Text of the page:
Battery Warning Light - LR 90 V8

Hello everyone,
the battery warning light on my 90's dash always turns on when I start it but turns off almost immediately afterwards. Well, it did. Now it just stays
on, its brightness varying: - It's always on but very dim. Rev the engine over a point and it goes erratic, continuously turning brighter, then dimmer. I'm assuming it has to do with the spark plugs although I'm not sure (the frequency seems a bit irregular/unstable) - Use anything that needs electricity and it goes proportionately brighter - accordingly, the battery voltage gauge drops to a bit below the middle mark with the headlights on.
It's been like this for months without any problem to the vehicle's function and it always starts with half a turn of the key. I don't remember the exact values any more but I checked the voltage on the battery and it seems to be fine with the engine off and charging properly (revving increases the voltage up to a point) when running. The battery's own indicator suggests it's ok. I put it on a CTEK charger a couple of times and it charged without any issues.
So what say the wiser owners? What would cause the battery check to state there's a problem when there doesn't appear to be one?
--
Geo


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Geo wrote:

Typical of a clapped out alternator. Probably worn brushes in the alternator. Possibly a defective rectifier diode in the alternator. Possibly the regulator. The cheapest repair is normally an exchange alternator, and check the wiring before you fit the new one.

The battery check is showing a problem because the alternator isn't putting out enough current to keep the battery fully charged.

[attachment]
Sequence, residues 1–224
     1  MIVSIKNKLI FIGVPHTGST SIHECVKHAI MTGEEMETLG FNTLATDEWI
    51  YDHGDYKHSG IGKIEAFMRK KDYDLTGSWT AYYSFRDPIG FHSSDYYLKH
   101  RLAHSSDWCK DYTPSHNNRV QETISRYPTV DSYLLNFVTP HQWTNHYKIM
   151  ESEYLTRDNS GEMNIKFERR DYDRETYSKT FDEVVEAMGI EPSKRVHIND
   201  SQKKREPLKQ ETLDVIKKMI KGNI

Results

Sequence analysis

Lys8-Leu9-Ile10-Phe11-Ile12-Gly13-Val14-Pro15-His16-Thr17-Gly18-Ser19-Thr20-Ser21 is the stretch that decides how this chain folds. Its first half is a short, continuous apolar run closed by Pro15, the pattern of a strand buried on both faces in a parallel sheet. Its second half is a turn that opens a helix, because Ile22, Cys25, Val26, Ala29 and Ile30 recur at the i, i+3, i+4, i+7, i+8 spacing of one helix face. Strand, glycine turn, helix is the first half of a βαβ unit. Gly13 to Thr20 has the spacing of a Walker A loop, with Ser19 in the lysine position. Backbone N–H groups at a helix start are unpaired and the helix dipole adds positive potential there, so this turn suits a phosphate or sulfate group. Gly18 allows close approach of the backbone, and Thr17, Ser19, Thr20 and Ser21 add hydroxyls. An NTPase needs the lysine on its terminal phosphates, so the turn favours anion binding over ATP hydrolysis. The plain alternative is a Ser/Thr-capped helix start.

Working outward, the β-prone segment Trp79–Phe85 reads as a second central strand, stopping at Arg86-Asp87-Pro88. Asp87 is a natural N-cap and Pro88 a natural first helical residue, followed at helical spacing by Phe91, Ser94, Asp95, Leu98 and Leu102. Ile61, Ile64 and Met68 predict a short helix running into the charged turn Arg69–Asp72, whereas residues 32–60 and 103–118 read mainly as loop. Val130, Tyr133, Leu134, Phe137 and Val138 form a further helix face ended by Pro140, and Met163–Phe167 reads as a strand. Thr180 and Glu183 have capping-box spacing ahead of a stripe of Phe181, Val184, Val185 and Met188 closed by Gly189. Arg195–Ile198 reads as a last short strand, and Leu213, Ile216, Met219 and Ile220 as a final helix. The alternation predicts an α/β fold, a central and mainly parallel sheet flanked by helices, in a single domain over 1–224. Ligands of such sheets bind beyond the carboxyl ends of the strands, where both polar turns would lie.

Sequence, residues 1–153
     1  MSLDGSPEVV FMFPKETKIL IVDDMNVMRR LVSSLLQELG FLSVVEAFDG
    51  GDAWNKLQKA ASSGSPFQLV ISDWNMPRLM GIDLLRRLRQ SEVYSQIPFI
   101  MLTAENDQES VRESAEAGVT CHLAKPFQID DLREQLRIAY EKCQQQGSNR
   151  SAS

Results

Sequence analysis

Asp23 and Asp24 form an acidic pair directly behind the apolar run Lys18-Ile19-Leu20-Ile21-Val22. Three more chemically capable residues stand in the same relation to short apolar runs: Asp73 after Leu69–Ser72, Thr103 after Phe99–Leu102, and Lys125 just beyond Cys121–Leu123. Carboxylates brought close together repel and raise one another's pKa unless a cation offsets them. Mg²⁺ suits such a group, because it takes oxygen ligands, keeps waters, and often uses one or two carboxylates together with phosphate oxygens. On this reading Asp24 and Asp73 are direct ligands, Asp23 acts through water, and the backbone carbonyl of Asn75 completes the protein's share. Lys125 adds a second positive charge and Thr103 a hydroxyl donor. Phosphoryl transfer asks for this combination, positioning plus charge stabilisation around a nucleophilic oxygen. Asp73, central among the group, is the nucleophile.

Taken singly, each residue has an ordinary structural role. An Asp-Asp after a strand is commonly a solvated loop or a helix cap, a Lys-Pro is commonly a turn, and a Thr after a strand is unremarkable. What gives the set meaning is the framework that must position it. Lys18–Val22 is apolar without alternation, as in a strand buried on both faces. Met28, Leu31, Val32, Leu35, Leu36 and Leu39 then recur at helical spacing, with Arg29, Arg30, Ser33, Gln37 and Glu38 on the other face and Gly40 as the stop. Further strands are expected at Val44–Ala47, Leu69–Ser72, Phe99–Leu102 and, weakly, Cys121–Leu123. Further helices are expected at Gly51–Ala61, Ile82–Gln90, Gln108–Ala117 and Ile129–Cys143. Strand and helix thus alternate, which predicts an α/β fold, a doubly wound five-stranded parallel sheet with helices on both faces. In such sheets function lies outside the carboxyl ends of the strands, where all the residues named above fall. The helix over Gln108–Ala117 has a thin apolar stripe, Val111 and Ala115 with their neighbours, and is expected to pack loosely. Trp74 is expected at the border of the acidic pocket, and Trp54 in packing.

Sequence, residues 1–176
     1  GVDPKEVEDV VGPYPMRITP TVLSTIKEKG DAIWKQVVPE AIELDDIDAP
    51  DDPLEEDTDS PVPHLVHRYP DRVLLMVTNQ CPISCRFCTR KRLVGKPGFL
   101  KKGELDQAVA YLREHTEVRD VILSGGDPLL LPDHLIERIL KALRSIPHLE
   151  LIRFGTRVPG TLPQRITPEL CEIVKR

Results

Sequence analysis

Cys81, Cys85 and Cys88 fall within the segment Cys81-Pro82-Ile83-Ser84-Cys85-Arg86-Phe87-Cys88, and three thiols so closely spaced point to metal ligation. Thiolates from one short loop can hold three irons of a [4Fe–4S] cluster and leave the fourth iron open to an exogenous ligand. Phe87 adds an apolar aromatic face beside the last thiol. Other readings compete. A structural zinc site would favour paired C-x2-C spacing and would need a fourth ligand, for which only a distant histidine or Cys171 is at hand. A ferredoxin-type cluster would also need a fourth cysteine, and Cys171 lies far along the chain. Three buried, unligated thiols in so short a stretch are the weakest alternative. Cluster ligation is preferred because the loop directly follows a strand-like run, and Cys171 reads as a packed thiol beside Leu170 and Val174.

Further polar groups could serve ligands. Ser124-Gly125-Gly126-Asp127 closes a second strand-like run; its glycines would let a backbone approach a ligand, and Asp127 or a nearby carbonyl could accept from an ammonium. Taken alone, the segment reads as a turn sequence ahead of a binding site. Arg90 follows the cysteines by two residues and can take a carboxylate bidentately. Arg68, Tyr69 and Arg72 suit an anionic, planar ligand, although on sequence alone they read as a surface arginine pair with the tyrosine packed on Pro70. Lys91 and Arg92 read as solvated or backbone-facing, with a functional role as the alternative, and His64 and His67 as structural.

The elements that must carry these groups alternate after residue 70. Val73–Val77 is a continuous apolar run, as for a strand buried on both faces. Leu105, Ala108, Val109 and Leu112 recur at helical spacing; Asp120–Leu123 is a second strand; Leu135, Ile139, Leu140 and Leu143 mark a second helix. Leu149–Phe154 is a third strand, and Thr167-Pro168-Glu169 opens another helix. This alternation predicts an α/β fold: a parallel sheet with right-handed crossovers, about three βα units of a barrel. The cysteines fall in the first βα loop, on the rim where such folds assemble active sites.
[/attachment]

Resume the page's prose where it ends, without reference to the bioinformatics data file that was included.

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"John Williamson" wrote

I thought about the alternator but I've been using the vehicle like that for six months now (half of the time with the lights on) and I don't see any evidence of a weakening battery. Perhaps there's still enough current to fully cover my needs but not as much as a healthy alternator would produce? Given that replacing the alternator isn't the cheapest of options and I haven't been left stranded yet, I'll leave it until I get the vehicle serviced in a month or two... or until I am left stranded.
Thank you for your answer.
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Geo


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ays

Long time since I've been on this fine group, but I agree that it's a knack ered alternator - mine did the same for quite a while while the battery ver y slowly went down (over many weeks), it died when we finally got to winter . If you're not totally reliant then I'd stick with it and just keep a wea ther eye on the battery, and perhaps keep a watch on the forums for a repla cement.
Bob
1990 ex-RAF 110 3.5 V8 17KJ83 1967 3/4 ton Sankey 09ES17
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Bob's not wrong, but if you just leave it alone, you _will_ kill the battery. I'd top it up regularly, say once a week, with a charger. They should be kept fully charged otherwise the battery degrades quite fast.
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SimonM

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"SpamTrapSeeSig" wrote